As an Ashton ward Councillor I very much welcome todays news that Serco are to cease using the Amblehurst Hotel in Sale as a base for asylum seekers. Following representations the Council has been informed by Serco (the Home Office’s contractor) that they will not move any more asylum seekers into the Amblehurst. They are now working on dispersing the current residents to their dispersal accommodation in stages as soon as possible. The confirmed end date for the use of the hotel is the 4th February 2014.
This country has a proud record of accepting genuine asylum seekers, some of whom are fleeing from persecution for all sorts of reasons- the asylum seekers accommodated in the Amblehurst hotel were placed there with absolutely no notice given to the Council but despite this the response of the Council has been magnificent. I am also very proud of the community response. Sale Square Mile, a network of local people, businesses and local churches is offering assistance.
I believe that dispersing families around Greater Manchester makes more sense than to concentrate them in one hotel in one borough - such an approach is unfair to both the asylum seekers and local residents, since as vulnerable people, they often require a great deal of support from overstretched services and the impact this can have on community cohesion.
We now need to continue the efforts of both the Council and its partners and the Sale community to ensure that the families and individuals in Sale seeking asylum in this country are supported throughout until decisions are made about their futures.

Councillor John Lamb
Ashton Upon Mersey Ward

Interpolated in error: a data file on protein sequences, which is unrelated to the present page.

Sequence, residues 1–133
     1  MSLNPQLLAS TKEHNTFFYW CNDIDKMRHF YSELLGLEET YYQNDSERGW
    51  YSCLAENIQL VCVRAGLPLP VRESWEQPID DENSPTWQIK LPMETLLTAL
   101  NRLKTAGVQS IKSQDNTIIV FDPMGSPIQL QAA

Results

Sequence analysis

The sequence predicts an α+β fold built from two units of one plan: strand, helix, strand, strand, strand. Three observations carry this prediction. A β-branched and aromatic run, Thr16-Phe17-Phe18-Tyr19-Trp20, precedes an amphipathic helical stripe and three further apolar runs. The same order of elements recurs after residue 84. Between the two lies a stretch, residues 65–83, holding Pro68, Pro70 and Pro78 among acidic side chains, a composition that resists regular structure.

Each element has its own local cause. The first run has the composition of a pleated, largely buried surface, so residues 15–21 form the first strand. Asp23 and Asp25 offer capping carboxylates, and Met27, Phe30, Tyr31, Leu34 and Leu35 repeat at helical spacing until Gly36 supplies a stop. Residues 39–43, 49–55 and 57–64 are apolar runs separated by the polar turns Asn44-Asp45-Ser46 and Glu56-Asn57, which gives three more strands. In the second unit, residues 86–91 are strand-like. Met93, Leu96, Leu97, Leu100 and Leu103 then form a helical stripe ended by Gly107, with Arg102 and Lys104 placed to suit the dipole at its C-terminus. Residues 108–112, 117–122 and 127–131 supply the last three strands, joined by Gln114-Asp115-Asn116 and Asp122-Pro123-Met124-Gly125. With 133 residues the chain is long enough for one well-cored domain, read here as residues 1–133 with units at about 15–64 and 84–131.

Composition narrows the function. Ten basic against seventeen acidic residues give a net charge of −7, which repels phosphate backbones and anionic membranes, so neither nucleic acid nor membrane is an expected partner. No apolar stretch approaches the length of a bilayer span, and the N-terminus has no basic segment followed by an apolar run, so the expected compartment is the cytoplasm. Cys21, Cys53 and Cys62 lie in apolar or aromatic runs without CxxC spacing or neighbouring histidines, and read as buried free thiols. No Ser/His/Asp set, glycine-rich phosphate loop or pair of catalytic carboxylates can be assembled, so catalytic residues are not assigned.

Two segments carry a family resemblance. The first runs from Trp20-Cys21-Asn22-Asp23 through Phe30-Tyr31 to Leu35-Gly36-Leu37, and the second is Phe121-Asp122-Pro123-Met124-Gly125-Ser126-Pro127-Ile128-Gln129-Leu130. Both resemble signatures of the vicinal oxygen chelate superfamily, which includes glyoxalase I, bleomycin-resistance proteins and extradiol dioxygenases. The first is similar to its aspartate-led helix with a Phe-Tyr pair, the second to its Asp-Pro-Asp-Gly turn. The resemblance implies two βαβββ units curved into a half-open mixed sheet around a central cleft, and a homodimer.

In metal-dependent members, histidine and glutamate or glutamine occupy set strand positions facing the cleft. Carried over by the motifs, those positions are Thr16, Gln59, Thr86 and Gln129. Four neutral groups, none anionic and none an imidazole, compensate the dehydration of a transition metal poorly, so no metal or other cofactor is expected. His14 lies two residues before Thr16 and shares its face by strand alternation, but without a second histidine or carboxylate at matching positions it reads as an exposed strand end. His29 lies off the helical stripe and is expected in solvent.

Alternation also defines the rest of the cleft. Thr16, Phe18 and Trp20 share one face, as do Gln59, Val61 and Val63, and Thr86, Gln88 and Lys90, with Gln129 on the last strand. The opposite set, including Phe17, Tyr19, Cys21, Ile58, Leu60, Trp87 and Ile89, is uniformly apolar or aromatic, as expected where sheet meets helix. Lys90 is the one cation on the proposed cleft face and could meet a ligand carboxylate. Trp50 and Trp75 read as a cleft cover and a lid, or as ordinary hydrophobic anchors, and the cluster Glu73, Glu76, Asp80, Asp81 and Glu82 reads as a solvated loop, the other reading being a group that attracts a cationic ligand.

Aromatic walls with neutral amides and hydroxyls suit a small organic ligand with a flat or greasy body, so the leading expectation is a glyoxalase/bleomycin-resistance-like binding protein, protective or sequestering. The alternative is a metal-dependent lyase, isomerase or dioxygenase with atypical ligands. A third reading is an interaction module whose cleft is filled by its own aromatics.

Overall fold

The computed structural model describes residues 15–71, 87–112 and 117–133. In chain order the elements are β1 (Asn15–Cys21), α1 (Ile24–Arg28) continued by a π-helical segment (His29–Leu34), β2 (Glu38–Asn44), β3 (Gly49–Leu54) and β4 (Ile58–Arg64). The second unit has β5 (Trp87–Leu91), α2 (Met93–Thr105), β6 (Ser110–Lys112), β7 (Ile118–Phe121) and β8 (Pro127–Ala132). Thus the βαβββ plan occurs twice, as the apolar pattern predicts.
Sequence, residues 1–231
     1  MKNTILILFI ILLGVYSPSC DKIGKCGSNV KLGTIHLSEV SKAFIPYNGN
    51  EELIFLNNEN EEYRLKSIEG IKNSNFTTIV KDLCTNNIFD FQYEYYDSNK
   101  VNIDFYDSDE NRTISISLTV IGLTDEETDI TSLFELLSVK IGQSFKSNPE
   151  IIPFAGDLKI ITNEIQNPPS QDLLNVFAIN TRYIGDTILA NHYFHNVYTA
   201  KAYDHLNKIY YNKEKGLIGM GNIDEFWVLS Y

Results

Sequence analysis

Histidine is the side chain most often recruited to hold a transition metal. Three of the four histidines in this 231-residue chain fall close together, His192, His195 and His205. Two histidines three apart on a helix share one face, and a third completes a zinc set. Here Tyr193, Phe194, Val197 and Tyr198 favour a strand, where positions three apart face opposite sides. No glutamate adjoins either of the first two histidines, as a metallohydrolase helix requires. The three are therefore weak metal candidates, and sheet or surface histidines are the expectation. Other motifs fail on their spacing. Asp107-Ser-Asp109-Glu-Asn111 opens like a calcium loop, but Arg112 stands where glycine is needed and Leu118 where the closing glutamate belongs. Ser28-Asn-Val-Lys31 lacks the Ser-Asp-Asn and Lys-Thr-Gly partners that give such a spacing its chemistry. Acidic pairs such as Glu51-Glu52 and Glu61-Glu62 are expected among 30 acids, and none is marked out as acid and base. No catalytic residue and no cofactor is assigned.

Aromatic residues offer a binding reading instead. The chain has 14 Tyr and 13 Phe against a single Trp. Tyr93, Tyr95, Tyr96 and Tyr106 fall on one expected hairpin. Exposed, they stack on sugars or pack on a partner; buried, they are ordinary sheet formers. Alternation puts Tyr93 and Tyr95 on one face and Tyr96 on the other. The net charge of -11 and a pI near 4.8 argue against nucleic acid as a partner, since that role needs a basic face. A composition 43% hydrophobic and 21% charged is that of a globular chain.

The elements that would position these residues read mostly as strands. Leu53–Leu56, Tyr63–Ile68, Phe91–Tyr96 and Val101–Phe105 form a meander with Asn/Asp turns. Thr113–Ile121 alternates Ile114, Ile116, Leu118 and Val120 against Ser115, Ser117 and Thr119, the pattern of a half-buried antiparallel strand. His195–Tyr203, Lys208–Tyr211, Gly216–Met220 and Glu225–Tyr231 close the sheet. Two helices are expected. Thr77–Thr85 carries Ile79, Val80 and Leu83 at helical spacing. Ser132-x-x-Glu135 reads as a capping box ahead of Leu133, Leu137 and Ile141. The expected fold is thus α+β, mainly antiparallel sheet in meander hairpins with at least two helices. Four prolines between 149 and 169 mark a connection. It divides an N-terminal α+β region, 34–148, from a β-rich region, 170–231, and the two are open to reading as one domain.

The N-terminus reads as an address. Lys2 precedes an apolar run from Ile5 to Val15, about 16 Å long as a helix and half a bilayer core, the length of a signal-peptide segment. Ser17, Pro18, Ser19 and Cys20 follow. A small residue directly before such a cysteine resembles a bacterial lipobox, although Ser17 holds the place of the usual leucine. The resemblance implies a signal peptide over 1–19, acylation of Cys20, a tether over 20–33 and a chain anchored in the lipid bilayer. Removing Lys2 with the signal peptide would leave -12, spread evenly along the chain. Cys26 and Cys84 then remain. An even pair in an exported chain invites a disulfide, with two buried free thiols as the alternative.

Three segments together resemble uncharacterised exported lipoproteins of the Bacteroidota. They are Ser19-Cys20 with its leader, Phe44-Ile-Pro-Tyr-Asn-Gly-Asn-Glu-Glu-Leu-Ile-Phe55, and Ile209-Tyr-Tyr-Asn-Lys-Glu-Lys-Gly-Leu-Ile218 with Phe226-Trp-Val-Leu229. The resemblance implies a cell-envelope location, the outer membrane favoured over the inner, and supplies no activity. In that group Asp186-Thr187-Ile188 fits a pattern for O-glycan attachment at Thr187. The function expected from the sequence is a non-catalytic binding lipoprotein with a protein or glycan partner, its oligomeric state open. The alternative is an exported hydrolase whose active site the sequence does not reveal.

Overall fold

[quote][p][bold]GordonW[/bold] wrote: I will be amazed if the Amblehurst gets any bookings from paying customers ever again - it will simply become known as the asylum seekers hotel. If that happens, it will mean that Sale will either have a permanent community of asylum seekers or the hotel will attract so few guests in the future it will go out of business - and therefore probably be demolished to make way for yet another block of offices. Sad end for a once good hotel....[/p][/quote]As an Ashton ward Councillor I very much welcome todays news that Serco are to cease using the Amblehurst Hotel in Sale as a base for asylum seekers. Following representations the Council has been informed by Serco (the Home Office’s contractor) that they will not move any more asylum seekers into the Amblehurst. They are now working on dispersing the current residents to their dispersal accommodation in stages as soon as possible. The confirmed end date for the use of the hotel is the 4th February 2014. This country has a proud record of accepting genuine asylum seekers, some of whom are fleeing from persecution for all sorts of reasons- the asylum seekers accommodated in the Amblehurst hotel were placed there with absolutely no notice given to the Council but despite this the response of the Council has been magnificent. I am also very proud of the community response. Sale Square Mile, a network of local people, businesses and local churches is offering assistance. I believe that dispersing families around Greater Manchester makes more sense than to concentrate them in one hotel in one borough - such an approach is unfair to both the asylum seekers and local residents, since as vulnerable people, they often require a great deal of support from overstretched services and the impact this can have on community cohesion. We now need to continue the efforts of both the Council and its partners and the Sale community to ensure that the families and individuals in Sale seeking asylum in this country are supported throughout until decisions are made about their futures. Councillor John Lamb Ashton Upon Mersey Ward Councillor John Lamb, Ashton Upon Mersey Ward